Whether there was a technical arrest before the statements were made by Brinegar may be doubted. In Jenkins v. United States, 10 Cir., 161 F.2d 99, 101, the court said:

'To constitute an arrest, there must be an actual or constructive seizure or detention of the person, performed with the intention to effect an arrest and so understood by the person detained.'

But we deem it unnecessary to decide whether there had been a technical arrest at the time the statements were made. At least, the investigators had pursued Brinegar, sounded their siren, and had caused him to stop, and they were questioning him as a suspect when the statements were made.

We are of the opinion that the facts within the knowledge of the investigators and of which they had reasonable trustworthy information prior to the time the incriminating statements were made by Brinegar were not sufficient to lead a reasonably discreet and prudent man to believe that intoxicating liquor was being transported in the coupe, and did not constitute probable cause for a search. 2 Neither were such facts sufficient, in our opinion, to induce an ordinarily prudent and cautious person, under the circumstances, to believe in good faith that Brinegar had committed a felony so as to constitute probable cause for the investigators arresting Brinegar without a warrant. 3 However, the statements made by Brinegar, together with the facts theretofore known by the investigators, if the investigators were warranted in acting upon such statements, were sufficient to lead a reasonably discreet and prudent man to believe that intoxicating liquor was being transported by Brinegar into Oklahoma and, since it was not practicable for the investigators to obtain a search warrant,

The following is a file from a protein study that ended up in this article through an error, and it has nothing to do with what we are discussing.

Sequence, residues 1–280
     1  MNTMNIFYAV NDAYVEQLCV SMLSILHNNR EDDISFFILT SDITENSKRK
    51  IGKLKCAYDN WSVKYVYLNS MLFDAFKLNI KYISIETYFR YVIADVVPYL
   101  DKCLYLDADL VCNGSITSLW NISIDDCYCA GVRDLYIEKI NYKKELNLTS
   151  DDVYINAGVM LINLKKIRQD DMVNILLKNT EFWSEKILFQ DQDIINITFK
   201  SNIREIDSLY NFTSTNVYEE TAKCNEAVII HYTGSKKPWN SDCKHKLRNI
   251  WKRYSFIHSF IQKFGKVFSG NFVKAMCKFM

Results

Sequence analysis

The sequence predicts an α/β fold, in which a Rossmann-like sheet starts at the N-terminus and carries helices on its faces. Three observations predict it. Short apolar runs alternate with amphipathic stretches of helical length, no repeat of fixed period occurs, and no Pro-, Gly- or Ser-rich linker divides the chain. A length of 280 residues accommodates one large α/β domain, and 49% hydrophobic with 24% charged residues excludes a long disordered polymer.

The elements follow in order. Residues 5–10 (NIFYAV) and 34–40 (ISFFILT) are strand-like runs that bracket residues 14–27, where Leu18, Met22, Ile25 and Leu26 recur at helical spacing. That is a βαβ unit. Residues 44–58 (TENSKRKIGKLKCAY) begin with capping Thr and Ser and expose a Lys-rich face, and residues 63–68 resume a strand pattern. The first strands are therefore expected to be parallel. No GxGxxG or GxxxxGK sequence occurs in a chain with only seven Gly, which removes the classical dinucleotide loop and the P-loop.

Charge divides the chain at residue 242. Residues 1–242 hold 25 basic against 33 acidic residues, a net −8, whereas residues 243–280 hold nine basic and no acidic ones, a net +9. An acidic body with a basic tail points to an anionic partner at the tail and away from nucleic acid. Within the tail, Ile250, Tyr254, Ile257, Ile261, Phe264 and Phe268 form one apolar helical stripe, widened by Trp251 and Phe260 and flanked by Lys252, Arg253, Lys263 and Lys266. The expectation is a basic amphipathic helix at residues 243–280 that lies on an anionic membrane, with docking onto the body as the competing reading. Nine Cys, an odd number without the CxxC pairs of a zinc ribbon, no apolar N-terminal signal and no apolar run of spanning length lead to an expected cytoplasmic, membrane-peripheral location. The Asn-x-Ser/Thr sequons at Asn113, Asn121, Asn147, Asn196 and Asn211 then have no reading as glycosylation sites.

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justified the search and seizure of the whisky and the arrest of Brinegar.

The question presented then is whether the investigators, having sufficient information to suspect Brinegar, but not sufficient information to constitute probable cause for a search of the coupe and the arrest of Brinegar, could, after stopping him and interrogating him with respect to whisky in the coupe, lawfully act upon the information obtained as a basis for probable cause for the search and seizure.

If the statements made by Brinegar to the investigators could have been properly introduced in evidence against Brinegar at a trial on the criminal charge, then we think they, with the other facts known to the investigators, constituted adequate basis for probable cause for search and seizure by the investigators.

A confession or an incriminating statement made by a person is not involuntary merely because made while such person is in custody after arrest. 4

'The mere questioning of a suspect while in the custody of police officers is not prohibited either as a matter of common law or due process.' 5 Neither will the fact that the arrest, under which the person was taken into custody, was illegal, in and of itself render a confession or an incriminating statement involuntary. 6 The test is whether, under all the facts and circumstances, the confession or incriminating statement was voluntarily made. 7

We do not regard McNabb v. United States, 318 U.S. 332, 63 S.Ct. 608, 87 L.Ed. 819, to hold otherwise. In United States v. Mitchell, 322 U.S. 65, 67, 64 S.Ct. 896, 897, 88 L.Ed. 1140, the court said:

'In the circumstances of the McNabb case we found such an appropriate situation, in that the defendants were illegally detained under aggravating circumstances: one of them was subjected to unremitting questioning by half a dozen police officers for five or six hours and the other two for two days. We held that 'a conviction resting on evidence secured through such a flagrant disregard of the procedure which Congress has commanded cannot be allowed to stand without making the courts themselves accomplices in wilful disobedience of law. * * * .' Inexcusable detention for the purpose of illegally...